UK Markets Surge as Scotland Votes to Remain Within the United Kingdom

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Stock Market Trading

: 19 September 2014

European equities are set to sprint out of the starting blocks as the Scottish Independence attempt flounders.

Clients had spent yesterday steadily building up long positions in sterling and the FTSE 100 as they bet that cooler heads would prevail and the union would remain in tact.

As the first few results came in in-favour of the No campaign, there was a jubilant surge in sterling and FTSE futures.

As the No campaign began to pull away though, the media kept showing cringe worthy pictures of Nicola Sturgeon trying to put on a brave face, as she cheered on the token victories for the Yes campaign.

At the time of writing, the markets have levelled off a little.

The old market adage of 'buy the rumour sell the fact' may still hold though. If you're leaving it to this morning to buy on post referendum euphoria you may be getting in at the top.

With such a major source of uncertainty out of the way, it's back to the boring economic fundamentals.

This is clearly a shame as it's unlikely that we'll see another political issue which compels such esteemed public figures as Barack Obama and SuBo come together to imbue the public with their opinions.

Stock Market Trading

: 18 September 2014

Scottish Independence Day?

European equities are set to take their cue from the US markets and open higher.

After an initial spasm, US equities finished in the green as Yellen kept the "considerable time" phrase in the FOMC statement. European equities are set to adjust for this before hunkering down and seeing how the Scottish Independence vote pans out.

Despite the jubilant reaction from equities traders though, the forex, commodities and bonds traders took the whole FOMC statement as hawkish. They subsequently sold commodities, sold bonds and bought dollars.

Cleary someone is fundamentally wrong in their analysis and I'm sure once the uncertainty of the Scottish vote is out the way, this anomaly will be ironed out.

The Fed's statement pointed out that the US economy is expanding at a decent pace amid low inflation.

It was added that there's room for recovery in the labour market and that asset purchasing is to be completed in October.

The Dow briefly rose but retraced shortly after. Nonetheless it ended 35 points up at 17,176.

With the fate of the UK in the hands of 5 million Scots, not much action is expected from the markets today. It will be wholly acceptable for traders to sit back and watch the (financial) telly.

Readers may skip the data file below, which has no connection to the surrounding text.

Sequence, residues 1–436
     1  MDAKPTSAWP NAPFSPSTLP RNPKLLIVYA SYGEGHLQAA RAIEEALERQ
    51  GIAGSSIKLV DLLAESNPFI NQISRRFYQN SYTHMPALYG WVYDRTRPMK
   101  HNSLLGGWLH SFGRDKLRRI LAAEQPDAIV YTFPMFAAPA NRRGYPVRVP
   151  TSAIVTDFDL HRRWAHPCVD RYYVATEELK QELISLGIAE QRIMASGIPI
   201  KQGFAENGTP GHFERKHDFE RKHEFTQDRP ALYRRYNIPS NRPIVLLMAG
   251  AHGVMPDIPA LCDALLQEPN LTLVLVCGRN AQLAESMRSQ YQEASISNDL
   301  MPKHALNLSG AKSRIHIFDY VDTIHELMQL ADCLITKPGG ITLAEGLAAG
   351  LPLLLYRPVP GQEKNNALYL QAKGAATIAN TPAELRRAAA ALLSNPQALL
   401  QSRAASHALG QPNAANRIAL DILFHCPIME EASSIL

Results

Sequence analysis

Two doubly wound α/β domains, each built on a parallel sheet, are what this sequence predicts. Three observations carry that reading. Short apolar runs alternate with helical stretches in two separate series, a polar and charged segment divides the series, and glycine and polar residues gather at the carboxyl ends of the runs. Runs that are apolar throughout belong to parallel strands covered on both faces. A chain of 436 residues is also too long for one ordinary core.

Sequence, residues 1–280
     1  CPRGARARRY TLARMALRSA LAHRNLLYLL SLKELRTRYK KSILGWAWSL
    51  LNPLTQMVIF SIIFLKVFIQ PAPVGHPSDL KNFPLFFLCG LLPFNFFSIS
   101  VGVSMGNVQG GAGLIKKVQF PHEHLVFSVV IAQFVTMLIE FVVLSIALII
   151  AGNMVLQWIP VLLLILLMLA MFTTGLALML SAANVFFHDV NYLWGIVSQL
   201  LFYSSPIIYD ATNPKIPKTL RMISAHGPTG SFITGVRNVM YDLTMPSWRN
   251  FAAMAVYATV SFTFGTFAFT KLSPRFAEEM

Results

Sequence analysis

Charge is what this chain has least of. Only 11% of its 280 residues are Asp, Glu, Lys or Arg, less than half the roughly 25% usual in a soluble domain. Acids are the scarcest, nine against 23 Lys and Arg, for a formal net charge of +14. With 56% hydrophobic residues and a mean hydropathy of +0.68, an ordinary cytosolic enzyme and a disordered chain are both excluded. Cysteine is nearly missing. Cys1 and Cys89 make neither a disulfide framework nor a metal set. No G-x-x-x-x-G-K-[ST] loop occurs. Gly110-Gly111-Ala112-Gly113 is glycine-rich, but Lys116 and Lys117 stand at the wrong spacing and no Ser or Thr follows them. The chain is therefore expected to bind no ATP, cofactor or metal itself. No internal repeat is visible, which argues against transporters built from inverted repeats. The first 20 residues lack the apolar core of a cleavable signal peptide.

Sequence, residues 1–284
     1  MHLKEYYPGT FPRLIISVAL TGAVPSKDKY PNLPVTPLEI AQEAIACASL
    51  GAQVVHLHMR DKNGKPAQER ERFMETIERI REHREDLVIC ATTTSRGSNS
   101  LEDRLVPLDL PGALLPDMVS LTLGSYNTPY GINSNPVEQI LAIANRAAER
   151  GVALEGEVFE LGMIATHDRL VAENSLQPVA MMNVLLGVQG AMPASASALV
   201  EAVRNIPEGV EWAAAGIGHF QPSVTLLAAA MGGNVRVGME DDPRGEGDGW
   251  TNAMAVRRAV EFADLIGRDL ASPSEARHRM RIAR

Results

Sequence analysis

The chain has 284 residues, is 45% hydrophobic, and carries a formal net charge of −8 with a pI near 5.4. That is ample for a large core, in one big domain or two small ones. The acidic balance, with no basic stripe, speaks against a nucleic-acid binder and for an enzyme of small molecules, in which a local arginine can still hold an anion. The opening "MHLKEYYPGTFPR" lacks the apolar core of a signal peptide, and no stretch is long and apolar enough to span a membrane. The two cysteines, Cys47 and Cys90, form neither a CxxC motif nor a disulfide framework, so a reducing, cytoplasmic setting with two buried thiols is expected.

Stock Market Trading

: 17 September 2014

European equities are set to start on a firm footing on speculation that the Fed will keep its dovish stance.

Markets have been on edge lately and bracing themselves for the implied nod that the beginning of the interest rate hike cycle has a start date.

Although analysts have been slanting the odds in favour of the Fed removing the phrase "considerable amount of time" from its statement tomorrow, the Wall Street Journal's Hilsenrath triggered a rush of risk-on buying as he suggested that the key phrase would remain.

We may never know whether or not Hilsenrath's a very good guesser or if he's been having the odd moonlit rendezvous with Fed members. However, it seems that his insight was good enough for equities traders to go ahead and take the plunge.

Reports that China's central bank will provide over $81bn of liquidity to the country's five biggest banks, in an attempt to bolster economic growth, have sparked a sharp rally in global equities.

The feel good effect also pushed the Dow Jones 107 points higher to 17,143.

Additional support was offered by rising oil prices which in turn triggered a rally in energy stocks.

Stock Market Trading

: 15 September 2014

European equities are set to slump on the open following weak data from China that came out over the weekend.

As if traders didn't have enough to contend with this week, what with the Scottish Referendum and the FOMC meeting, China has flapped its hands in the air to remind everyone that they are facing an abrupt slowdown.

With positive cues evaporating, and uncertainty stacking up, it's only natural that risk aversion is setting in early this week.

Last week in the US, retail sales rose at a faster than estimated pace and consumer confidence also climbed higher than initially predicted.

However, the Dow Jones dropped 69 points to 16,991 as investors were quick to speculate the Fed might now be tempted to hike interest rates sooner than anticipated.

The US central bank's meeting later this week will probably bring new details on what 'considerable period of time' means.

By Jonathan Sudaria, 19 September 2014

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